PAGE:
Travel & Logistics – Where is this job site located?  What type of lodging for the crew is in the area?  How many hours of travel to and from the job?  How many mobilizations, can we complete this job in one trip or will we be required to travel back and forth multiple times to complete the job?

Miscellaneous – Are there any special conditions that need to be considered?  Which material:  Clear poly or a material with additives such as Fire Retardant, Anti-Microbial or Anti-Static?  Who will provide the dumpsters to dispose of the refuse after takedown?

One of the first questions we typically get asked is, “How much does interior protection cost?”  The real answer is: “It depends.”  Ninety percent of jobs cost between $1.00 – $2.00 per square foot of area protected.  To obtain bid proposal a qualified estimator will most likely have to visit the jobsite to verify measurements and take a look first hand.  Most firms who specialize in interior protection provide this service free of charge.

Why use an interior protection system during re-roofing?

Because you client’s most important asset is their INCOME!  Therefore, the costs of NOT implementing any type of interior protection could be higher than you think.  What could it cost your company or client if you do not propose to contain the dust and debris caused by a re-roofing project with a Temporary Interior Protection System? 

If you are a Roofing Consultant or a Roofing Contractor then it could cost you the job!  Imagine if you submit your bid proposal for a job to the key decision makers and you did not recommend or mention interior protection and your competition did.  When your competition talks about it, discusses it, and provides a solution for the potential problem and you do not… then isn’t it possible that your competitor appears more qualified and it may look as if your firm missed something? 

Consider this as an ‘add/option’ or separate allowance given to the building owner. There is no cost to include the option of interior protection – even if interior protection was not in the specifications.  Including this one additional item may set your company apart from your competition.

If dust and debris does contaminate the inside of the building, who is the facility going to blame?  They’ll definitely ask,” How come the Roofing Contractor or Consultant did not inform the building owner or tenant about this option?”  It typically comes down to, “It’s the Contractor’s fault or it’s the Consultant’s fault!”  And, if the Consultant or the Contractor fail to mention the degree of contamination that may enter the building as a result of a re-roofing project, then who is to blame?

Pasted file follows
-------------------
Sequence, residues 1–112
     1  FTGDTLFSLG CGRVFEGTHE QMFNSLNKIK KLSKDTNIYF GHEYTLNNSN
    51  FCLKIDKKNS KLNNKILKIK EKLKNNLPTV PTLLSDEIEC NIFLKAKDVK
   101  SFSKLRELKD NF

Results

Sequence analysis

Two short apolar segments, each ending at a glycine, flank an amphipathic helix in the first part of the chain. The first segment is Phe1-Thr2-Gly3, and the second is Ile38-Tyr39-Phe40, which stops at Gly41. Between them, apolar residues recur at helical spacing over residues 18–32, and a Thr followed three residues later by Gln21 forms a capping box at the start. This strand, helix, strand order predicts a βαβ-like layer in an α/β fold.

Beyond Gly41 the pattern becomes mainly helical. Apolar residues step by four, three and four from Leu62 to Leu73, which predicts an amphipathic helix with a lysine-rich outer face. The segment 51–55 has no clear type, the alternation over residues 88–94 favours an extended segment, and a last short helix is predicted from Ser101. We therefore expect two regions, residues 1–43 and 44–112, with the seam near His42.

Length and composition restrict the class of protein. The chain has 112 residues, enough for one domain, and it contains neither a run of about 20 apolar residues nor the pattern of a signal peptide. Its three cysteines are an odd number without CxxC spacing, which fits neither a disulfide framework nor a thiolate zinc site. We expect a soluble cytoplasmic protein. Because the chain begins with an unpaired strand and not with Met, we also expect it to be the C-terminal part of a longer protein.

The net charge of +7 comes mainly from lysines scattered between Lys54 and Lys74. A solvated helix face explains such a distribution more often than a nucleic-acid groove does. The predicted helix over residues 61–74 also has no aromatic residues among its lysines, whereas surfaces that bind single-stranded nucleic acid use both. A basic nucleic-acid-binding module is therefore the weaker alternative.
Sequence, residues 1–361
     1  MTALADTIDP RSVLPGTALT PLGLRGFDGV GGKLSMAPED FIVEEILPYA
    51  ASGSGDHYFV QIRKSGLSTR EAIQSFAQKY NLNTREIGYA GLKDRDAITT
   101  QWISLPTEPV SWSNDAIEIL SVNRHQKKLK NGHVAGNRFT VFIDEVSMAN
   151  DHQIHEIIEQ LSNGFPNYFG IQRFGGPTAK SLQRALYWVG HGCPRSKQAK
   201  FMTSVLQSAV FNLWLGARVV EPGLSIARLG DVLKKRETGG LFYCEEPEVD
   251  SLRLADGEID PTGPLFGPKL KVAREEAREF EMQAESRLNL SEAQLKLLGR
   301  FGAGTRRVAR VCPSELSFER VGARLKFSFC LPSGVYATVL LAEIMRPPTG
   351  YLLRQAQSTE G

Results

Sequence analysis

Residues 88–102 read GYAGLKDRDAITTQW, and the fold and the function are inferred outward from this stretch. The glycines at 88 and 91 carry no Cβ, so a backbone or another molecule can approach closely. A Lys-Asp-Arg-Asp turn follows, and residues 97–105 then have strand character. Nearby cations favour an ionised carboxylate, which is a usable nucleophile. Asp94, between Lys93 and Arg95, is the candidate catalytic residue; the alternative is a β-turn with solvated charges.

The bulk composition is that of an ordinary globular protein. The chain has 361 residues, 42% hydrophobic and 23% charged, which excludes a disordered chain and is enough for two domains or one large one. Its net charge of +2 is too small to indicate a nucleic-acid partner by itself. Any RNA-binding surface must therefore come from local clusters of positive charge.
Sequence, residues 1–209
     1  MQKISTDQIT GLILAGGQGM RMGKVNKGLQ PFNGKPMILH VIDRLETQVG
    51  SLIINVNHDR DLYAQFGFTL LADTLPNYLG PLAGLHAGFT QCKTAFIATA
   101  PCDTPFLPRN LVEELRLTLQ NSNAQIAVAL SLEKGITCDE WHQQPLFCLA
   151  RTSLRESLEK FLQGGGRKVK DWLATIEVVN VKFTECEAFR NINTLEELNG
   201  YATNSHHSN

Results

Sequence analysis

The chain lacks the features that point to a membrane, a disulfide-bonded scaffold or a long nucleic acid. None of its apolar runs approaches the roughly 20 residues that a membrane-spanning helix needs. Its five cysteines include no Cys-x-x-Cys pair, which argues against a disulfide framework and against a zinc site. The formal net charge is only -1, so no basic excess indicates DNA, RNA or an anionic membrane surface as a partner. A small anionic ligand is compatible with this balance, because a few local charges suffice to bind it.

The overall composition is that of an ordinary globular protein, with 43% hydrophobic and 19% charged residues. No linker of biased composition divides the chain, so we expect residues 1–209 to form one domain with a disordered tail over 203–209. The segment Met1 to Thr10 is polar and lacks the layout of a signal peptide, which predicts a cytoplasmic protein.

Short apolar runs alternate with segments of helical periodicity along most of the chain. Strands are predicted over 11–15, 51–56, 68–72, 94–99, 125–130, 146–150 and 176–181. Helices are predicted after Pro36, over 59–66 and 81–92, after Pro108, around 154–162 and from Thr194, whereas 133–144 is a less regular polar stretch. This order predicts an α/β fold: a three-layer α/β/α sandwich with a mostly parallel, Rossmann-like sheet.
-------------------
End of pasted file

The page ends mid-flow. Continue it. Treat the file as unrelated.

Have you asked your clients if they can afford to shut down or close during a planned re-roofing project? What about a product recall, negative press on their product name and brand ID which they have built over the years – all caused by re-roofing contamination due to not installing an interior protection system.

A temporary interior protection system allows people to work and manufacturing to continue below WHILE the re-roofing project to takes place – all at the same time!

A highly regarded Chicagoland roofing professional once said, “Having a professionally installed interior protection system installed before we start the tear off provides me Peace of Mind.”

Dawn Nemelka, President of CLEANWRAP, and Mark Nemelka, Vice President of CLEANWRAP are hands on Owners who take pride in their company and the satisfaction of their clients.  The firm specializes in the installation of temporary interior protection systems.  Their services include suspended ceilings, construction barrier walls, and High Surface Cleaning.  Working Nationwide, CLEANWRAP’s client list includes roofing contractors and consultants, as well as numerous fortune 500 companies.  No job is too big, too small, or too far away. 

Published on: July 14, 2014